By Gustavo Arellano
By R. Scott Moxley
By Alfonso Delgado
By Courtney Hamilton
By Joel Beers
By Peter Maguire
By Charles Lam
By Charles Lam
So there I was at Heather Graham's birthday party Friday night. I had tagged along with someone who'd tagged along with someone who'd tagged along with the DJ. That's right, people: I was just three degrees of separation from the help!
Who? you ask. Because, really, he's not that famous.
Okay. He was in The Daytrippers? Where he played Parker Posey's boyfriend who wrote the hilarious novel? No? Okay. He was the ex-boyfriend in the Meg Ryan time-travel romance Kate & Leopold? No? Well, he's not that famous.
Still, he's one of the few (maybe half a dozen) actors I would freak out to see in person because he's so tall and Jewish and droopily handsome, and I even know how to pronounce his first name (rhymes with Kiev), and his parts are so witty and intelligent! (The Orson Welles biopic RKO-281? No? Okay.) He's so intelligent, in fact, that if you web-stalk him, you'll come up with this quote from the Yale website: "[Yale] had a huge effect on my life and my career as well," he said at some pooteriffic Yale shindig. "Yale has solidified my love of text."
See? Liev Schreiber "loves text"!
Now, we'd already been at a small cocktail get-together, poolside at the Avalon Hotel, for novelist, Vanity Fairguy and bona fide CG-pal Neal Pollack, who was in town pitching to the movie folk (and who got Vanity Fair to pay for it; clever Neal Pollack!). At this cocktail thing, we listened to girl agents talk about their $240 pants and say things like, "Well, you know, if I just need staples and I want to go cheap, then I'll go to Banana Republic." And then we listened to this woman talk about how Maya Lin (you remember Maya Lin from such projects as, oh, the Vietnam War Memorial) was redesigning her house. We decided the girl agents were probably less lethal. But then a weird thing happened! After the girl agents left to go to their pole-dancing aerobics class, we talked more to the woman with the house, and she turned out to be supercool and not nearly as pretentious as the conversation had at first suggested, and she was actually groovy and kind of reckless, too, and she invited us to go to Heather Graham's party with her because she knew the DJ! So that's why we were sitting there on Cahuenga Boulevard, waiting to get into Tokio, but not for terribly long: someone who promised to get us into a party, it turned out, could actually get us into a party.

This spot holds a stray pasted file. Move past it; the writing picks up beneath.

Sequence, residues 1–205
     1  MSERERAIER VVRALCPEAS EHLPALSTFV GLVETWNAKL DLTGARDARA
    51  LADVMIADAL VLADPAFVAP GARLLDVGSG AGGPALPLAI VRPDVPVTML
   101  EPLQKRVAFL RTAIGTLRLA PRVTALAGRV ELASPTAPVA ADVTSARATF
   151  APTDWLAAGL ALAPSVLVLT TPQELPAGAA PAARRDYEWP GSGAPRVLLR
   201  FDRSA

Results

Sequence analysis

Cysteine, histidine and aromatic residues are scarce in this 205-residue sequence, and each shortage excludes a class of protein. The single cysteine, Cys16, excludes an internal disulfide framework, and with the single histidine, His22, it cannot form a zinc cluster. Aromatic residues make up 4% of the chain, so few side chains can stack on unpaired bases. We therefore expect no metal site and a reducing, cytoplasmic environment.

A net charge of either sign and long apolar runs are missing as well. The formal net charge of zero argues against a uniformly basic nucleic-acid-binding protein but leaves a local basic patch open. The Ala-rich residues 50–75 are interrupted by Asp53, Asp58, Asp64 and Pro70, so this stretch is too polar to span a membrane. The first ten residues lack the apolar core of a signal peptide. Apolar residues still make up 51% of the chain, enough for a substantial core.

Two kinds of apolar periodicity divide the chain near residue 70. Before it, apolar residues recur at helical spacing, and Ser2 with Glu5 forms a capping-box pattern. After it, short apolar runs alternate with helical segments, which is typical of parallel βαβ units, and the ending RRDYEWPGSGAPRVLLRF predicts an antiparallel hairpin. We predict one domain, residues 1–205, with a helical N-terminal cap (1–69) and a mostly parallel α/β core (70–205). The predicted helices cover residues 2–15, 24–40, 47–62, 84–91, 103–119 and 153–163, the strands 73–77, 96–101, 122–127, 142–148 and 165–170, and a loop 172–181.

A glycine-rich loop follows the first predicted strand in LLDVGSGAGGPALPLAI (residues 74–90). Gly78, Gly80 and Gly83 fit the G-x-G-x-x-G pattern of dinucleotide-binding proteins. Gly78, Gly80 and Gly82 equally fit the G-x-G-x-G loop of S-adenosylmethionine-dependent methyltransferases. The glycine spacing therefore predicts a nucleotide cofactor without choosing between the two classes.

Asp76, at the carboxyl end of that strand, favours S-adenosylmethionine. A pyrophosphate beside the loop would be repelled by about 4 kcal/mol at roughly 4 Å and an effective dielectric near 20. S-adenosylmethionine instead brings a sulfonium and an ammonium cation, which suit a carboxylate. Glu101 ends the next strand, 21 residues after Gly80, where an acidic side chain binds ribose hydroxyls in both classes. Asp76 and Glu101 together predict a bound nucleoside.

So up walks Liev Schreiber! (Who?) And I'm freaking out, and I decide it's time to grow some balls and go say something clever and hopefully charming. He's outside because he can't get into the party (because, really, he's not that famous), and his back is to me when I walk up and gently touch his shoulder and say, softly, "Excuse me." That's when he turns farther away.
Maybe he didn't hear me. I slink back into line.
We get into the party a solid 20 minutes before he does because, really, he's not that famous, and we're having a fabulous free-drinky time in the soup of sweat coming from the dance floor. Well, finally Liev Schreiber gets into the party, and I decide to stalk him once more. He's not there with a date; he's not trying to finish a meal in peace for once, god damn it, just once; I am not waving a camera lens in his face; and we are guests at the same private party, even if I am tagging along with the help.
He's talking in a desultory manner—he looks bored, actually—with some guy he knows, and I go stand at his elbow, waiting for a break in the conversation so as not to interrupt. I stand there, the smile pinned to my face becoming less and less natural and buoyant, for five minutes. Maybe seven. Far too long. And there's no way to extricate myself gracefully from this situation because I have fearlessly stated with my presence that I have come over to say something clever and charming—something like "Hello!"—and he has clearly stated his intention to refuse to look down in the region of his right elbow and smile or nod or acknowledge in any way that I am a person standing there waiting to say something to him. I wasn't important, pretty or good enough even to nod to.
I'm sure I've been more embarrassed but never when it didn't involve accidental public nudity or an ill-timed vomit.
A tip for you, Liev Schreiber: way more famous people than you have also not wanted to talk to me. They do anyway. Because we're people, we smile. We nod. We exchange a sentence or two even if it's just "It's inappropriate for you to follow me to my home," or "Stop hitting me, Liza!" And then we graciously excuse ourself if need be. It's perfectly acceptable, and it's what people do. Think of all you miss—like my "text." If I had been all snobby and horrible and cold and cadaverous and incapable of human emotion, like you, I wouldn't have had any fun at Laguna Beach's Marine Room the next night. I would have shut myself off with a scowl from talking and dancing with the two 23-year-old, six-foot-three Marines trying to buy me birthday drinks (and succeeding—semper fi, darlings!). And I couldn't have danced joyously to the band at the Sandpiper, who were pleasing me with their poppy Oasis and Squeeze (and the singer had a funny constipated intensity) until my sister decided she wasn't having a Hessian enough time, and we had to leave. I would have no friends with whom to wander the night, no human contact whatsoever. Oh, well. You'll always have text.